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Editorial Reviews

Jacqueline Boone
...[A] persuasiveimpassioned andat timesdownright lyrical case for the counterintuitive notion that 'there is a brain in the bowel'....[presents] an often grim and complex topic in a surprisingly witty and engaging manner... —The New York Times Book Review
Publishers Weekly - Publisher's Weekly
Gershon, who has been called the father of neurogastroenterology and is professor of anatomy and cell biology at New York's Columbia-Presbyterian Medical Center, has devoted his career to basic research on the nervous system of the gut. His fascination with this "second brain" is boundless, and he strives mightily to share his enthusiasm. With analogies and simple line drawings, good humor and a story-teller's love of character and plot, he describes how knowledge about the little-known enteric nervous system has been uncovered. To appreciate the wonder of this second brain, one must grasp the complexity of the system it runs, and Gershon tackles that subject in considerable detail--indeed, probably more detail than the general reader requires. While the particulars of research conducted in his and other neurobiologists' labs is also likely to overwhelm the nonbiologist, general readers will appreciate the implications of that research. As understanding emerges of how the second brain controls the behavior of the bowel, real progress is coming in the prevention, treatment and control of the belly's woes. To millions of sufferers of such diseases as heartburn and irritable bowel syndrome, this will be welcome information. (Oct.)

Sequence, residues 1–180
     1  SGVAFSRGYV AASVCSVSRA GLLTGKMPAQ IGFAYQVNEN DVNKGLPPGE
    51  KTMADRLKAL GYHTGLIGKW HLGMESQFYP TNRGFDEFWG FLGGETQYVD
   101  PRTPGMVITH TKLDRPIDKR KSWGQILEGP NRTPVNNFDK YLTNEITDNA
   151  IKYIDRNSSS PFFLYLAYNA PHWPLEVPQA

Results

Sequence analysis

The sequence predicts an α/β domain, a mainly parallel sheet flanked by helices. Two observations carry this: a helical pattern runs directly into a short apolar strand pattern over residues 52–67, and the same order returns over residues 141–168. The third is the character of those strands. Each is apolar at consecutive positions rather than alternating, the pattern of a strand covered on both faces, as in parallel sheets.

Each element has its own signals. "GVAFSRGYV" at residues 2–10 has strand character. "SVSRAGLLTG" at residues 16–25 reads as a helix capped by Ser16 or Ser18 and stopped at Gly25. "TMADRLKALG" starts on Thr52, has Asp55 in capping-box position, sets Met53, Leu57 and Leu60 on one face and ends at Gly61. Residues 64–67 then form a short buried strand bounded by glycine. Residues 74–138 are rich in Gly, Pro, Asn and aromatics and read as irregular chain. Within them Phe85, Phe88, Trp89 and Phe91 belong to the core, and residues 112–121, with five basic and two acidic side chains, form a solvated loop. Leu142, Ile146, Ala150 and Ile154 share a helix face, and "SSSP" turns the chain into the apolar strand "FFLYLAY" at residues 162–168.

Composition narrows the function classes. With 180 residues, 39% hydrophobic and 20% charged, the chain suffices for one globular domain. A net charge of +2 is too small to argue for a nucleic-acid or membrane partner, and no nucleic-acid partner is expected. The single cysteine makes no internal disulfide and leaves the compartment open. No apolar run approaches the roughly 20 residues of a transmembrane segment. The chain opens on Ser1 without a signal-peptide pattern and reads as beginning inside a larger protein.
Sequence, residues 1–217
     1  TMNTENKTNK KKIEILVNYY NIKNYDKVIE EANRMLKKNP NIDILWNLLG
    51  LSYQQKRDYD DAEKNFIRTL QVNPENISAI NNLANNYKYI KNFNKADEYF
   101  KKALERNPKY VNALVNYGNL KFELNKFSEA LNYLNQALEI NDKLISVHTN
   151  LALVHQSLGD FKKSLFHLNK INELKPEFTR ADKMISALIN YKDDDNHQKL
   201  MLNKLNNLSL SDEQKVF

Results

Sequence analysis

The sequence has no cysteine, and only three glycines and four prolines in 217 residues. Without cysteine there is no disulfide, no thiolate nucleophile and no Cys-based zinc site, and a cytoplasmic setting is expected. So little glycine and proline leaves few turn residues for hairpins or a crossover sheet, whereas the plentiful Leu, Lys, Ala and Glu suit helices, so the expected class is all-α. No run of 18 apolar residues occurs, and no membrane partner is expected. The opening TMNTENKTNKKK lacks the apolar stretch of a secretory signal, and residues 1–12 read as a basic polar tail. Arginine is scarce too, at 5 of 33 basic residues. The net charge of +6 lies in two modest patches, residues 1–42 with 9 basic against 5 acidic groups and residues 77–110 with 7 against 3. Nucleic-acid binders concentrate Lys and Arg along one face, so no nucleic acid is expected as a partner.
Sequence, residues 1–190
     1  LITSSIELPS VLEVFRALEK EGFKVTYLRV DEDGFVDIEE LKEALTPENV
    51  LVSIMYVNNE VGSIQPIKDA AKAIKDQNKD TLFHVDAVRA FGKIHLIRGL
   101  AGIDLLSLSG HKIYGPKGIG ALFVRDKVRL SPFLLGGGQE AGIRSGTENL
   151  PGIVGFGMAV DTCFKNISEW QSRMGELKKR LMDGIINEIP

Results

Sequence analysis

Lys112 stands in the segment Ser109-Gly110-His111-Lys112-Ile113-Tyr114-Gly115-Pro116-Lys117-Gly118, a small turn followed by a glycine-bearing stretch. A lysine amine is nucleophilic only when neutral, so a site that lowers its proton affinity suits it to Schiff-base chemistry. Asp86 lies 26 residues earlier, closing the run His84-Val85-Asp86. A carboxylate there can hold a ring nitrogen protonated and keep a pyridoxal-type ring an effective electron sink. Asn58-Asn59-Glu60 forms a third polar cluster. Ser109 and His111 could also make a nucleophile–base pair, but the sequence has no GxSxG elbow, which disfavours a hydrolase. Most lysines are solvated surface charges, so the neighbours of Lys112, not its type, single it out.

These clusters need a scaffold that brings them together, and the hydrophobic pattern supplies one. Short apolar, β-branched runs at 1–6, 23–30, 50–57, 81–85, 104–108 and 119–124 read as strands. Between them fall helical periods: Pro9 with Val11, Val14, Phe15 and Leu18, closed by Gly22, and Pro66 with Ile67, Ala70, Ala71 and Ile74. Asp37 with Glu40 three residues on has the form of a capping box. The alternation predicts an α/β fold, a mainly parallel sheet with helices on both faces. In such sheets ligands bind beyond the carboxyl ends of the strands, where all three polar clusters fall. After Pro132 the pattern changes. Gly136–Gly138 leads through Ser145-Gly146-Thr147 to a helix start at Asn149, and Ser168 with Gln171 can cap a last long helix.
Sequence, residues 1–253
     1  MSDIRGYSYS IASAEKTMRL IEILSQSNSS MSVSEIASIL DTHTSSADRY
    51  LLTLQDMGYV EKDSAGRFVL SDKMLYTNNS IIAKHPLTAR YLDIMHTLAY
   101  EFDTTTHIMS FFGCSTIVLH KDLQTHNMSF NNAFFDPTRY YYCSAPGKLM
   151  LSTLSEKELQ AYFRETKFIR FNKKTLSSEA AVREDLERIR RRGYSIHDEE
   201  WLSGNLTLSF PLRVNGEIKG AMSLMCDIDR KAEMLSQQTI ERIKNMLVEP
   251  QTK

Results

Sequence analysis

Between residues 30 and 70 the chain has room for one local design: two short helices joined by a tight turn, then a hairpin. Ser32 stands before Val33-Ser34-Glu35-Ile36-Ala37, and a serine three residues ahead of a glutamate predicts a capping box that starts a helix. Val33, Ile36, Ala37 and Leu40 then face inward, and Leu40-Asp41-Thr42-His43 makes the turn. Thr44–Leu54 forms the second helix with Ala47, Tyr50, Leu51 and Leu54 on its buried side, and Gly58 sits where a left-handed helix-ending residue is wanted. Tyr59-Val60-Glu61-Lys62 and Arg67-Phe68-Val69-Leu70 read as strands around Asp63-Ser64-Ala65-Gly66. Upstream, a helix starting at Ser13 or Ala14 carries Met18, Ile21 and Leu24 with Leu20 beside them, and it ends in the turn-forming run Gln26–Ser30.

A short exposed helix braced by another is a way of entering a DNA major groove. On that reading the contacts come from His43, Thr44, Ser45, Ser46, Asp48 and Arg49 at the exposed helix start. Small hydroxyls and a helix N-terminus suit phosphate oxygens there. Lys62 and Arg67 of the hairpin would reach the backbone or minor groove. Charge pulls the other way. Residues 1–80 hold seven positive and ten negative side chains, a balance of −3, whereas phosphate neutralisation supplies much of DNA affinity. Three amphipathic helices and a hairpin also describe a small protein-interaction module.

Jacqueline Boone
...[A] persuasive, impassioned and, at times, downright lyrical case for the counterintuitive notion that 'there is a brain in the bowel'....[presents] an often grim and complex topic in a surprisingly witty and engaging manner... -- The New York Times Book Review
Kirkus Reviews